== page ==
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Pen-Ek targets Taiwanese, trio confident of taekwondo triumph

Taekwondo chief Pimol Srivikorn, third from left, leads athletes on a mini-pilgrimage of three sacred sites in Bangkok before their departure for the London Olympics.

Taekwondo chief Pimol Srivikorn, third from left, leads athletes on a mini-pilgrimage of three sacred sites in Bangkok before their departure for the London Olympics.

Three Olympics-bound taekwondo exponents, including gold-medal hopeful Pen-Ek Karaket, yesterday made a min-pilgrimage to three sacred sites as a morale-booster ahead of their departure for London on July 28.



Braving the morning rain, Pimol Srivikorn, president of the Taekwondo Association, yesterday led the squad - Pen-Ek (men's 58kg), Rangsiya Nisaisom (women's 57kg) and Chanatip Sonkham (women's 49kg) on the visit to three shrines. Accompanying them were TAT vice-president Pricha Tortrakul and head coach Choi Young-seok, the high-profile South Korean who played a significant role in the success of Thai exponents at the previous two Olympics.

The squad visited the revered Erawan Shrine (Phra Prom Statue) at Ratchaprasong Intersection, then the Bangkok City Pillar Shrine before ending their tour at the Temple of the Emerald Buddha where they paid homage to the sacred jade image. "We prayed for success at the Olympics," said Chanatip, responding to questions.

Among the trio, Asian champion Pen-Ek has the strongest chance of winning a medal. After returning victorious from the Guangzhou Asian Games in 2010, he went on to land a gold medal at the World Olympic Qualification Tournament in Baku, Azerbaijan.

"I'm in great shape physically. I have never been as fit as this," Pen-Ek said when asked about his preparation for London. "Good results at major tournaments mean I'm now ranked third in the world in the 58kg class."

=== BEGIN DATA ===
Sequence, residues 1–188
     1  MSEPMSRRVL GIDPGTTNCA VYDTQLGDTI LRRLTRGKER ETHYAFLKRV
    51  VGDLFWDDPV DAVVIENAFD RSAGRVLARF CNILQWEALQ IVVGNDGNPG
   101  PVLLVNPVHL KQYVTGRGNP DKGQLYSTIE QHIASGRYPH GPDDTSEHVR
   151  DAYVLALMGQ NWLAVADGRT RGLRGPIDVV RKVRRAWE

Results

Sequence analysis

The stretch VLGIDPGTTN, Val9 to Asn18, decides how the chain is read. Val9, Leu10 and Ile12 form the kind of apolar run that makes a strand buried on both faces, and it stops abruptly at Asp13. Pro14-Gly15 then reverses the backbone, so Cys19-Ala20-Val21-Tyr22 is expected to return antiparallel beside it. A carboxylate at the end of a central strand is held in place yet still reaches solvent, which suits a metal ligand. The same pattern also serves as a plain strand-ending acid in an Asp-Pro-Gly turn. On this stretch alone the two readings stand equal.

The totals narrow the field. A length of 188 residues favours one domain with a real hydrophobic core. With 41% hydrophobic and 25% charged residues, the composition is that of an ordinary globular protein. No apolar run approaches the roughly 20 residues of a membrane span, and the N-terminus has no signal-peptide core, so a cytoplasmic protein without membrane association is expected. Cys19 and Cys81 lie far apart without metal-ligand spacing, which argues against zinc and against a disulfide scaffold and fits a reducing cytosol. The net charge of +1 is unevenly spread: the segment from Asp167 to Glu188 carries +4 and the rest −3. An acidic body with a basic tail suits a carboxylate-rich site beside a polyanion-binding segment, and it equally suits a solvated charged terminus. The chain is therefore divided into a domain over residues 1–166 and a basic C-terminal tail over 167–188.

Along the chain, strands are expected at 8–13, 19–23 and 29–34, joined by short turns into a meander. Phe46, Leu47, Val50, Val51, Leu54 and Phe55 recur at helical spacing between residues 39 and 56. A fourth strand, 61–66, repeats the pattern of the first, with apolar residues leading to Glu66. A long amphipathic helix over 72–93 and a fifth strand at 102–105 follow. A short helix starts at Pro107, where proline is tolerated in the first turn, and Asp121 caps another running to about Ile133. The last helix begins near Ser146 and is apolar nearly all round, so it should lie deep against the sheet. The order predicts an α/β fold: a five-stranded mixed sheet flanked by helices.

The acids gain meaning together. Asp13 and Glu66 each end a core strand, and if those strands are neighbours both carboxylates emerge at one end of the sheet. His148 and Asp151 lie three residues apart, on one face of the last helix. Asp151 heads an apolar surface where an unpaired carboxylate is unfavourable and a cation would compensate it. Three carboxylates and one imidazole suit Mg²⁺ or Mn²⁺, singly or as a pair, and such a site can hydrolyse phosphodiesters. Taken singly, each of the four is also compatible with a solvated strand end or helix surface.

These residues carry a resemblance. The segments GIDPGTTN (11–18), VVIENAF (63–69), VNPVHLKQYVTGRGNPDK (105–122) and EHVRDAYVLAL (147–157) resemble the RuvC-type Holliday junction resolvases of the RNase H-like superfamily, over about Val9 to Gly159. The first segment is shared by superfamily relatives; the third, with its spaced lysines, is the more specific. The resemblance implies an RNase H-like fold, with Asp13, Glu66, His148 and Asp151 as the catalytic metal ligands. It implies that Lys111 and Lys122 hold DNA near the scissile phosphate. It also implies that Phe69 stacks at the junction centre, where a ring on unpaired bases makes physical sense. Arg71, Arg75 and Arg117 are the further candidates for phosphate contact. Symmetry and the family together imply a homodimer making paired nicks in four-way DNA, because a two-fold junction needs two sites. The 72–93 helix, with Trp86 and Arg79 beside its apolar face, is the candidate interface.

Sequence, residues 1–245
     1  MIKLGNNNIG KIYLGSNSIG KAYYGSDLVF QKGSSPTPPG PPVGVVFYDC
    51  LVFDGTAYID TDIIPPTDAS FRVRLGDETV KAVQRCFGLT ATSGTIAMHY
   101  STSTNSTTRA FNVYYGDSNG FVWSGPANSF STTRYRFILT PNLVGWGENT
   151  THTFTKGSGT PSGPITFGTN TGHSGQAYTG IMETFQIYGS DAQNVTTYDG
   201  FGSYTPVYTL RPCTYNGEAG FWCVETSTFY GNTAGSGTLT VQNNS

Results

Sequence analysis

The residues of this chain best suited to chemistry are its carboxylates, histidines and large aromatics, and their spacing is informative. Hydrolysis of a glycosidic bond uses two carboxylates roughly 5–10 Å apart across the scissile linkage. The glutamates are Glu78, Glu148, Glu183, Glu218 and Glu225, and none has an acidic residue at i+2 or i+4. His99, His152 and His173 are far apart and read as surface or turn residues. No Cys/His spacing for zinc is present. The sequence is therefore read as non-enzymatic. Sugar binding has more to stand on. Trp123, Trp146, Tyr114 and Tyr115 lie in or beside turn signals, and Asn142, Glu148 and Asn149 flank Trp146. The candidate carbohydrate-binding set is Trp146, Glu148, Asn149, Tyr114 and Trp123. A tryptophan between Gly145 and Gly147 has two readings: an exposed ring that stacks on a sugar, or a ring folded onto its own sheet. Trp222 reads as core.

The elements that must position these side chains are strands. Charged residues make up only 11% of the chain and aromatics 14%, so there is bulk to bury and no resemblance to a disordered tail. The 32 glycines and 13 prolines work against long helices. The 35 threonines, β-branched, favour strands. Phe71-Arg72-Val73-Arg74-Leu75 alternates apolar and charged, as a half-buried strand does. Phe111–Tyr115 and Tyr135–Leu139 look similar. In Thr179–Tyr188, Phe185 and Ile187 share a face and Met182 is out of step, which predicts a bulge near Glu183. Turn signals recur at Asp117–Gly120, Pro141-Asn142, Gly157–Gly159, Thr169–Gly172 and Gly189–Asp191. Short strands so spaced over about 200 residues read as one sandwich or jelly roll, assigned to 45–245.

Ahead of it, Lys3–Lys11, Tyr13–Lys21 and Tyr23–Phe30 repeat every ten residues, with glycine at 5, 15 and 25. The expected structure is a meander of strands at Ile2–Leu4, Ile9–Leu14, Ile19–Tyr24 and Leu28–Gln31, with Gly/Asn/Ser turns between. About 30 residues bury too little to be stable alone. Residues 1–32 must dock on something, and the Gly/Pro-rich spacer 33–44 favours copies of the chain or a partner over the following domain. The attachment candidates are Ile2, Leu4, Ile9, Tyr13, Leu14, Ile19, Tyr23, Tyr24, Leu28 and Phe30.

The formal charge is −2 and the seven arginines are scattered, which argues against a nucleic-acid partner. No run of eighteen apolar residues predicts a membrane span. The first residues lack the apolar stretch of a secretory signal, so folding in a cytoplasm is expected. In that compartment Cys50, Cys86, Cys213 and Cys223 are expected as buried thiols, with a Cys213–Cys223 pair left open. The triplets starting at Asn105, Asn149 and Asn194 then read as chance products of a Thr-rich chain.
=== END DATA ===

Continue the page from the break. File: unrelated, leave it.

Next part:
"In London, I'm confident of winning the first two rounds. In the third round or the semi-finals, I might encounter Taiwan's Wei Chen-Yang, who beat me in the final in Guangzhou. If I can get past him, a silver medal will be within my reach. And getting to the final would mean a 50-50 chance, but I would give my all to win Thailand's first Olympic gold in taekwondo."

Rangsiya, who became the first Thai ever to win a World Championship gold medal, in 2011 in South Korea, said she was determined despite her slim hopes of collecting gold in London. "A place in the semi-finals is my target. However, anything can happen in a tough competition. If I can maintain my good form, I believe I can spring a surprise and return with a medal," said the 17-year-old from Chon Buri.

Chanatip, who has bronze medals from the 15th Universiad in Serbia, the Asian Championships in Vietnam and the WTF World Cup Team Championships in China, vowed to go all out for a podium place.

The trio is aiming to add to Thailand's total of two Olympic medals in taekwondo. Yaowapa Boorapolchai claimed the women's 49kg bronze in the 2004 Athens Games, while Butree Puedpong stunned rivals by picking up a silver in Beijing four years ago. The TAT has set its sights on winning at least one gold in London.




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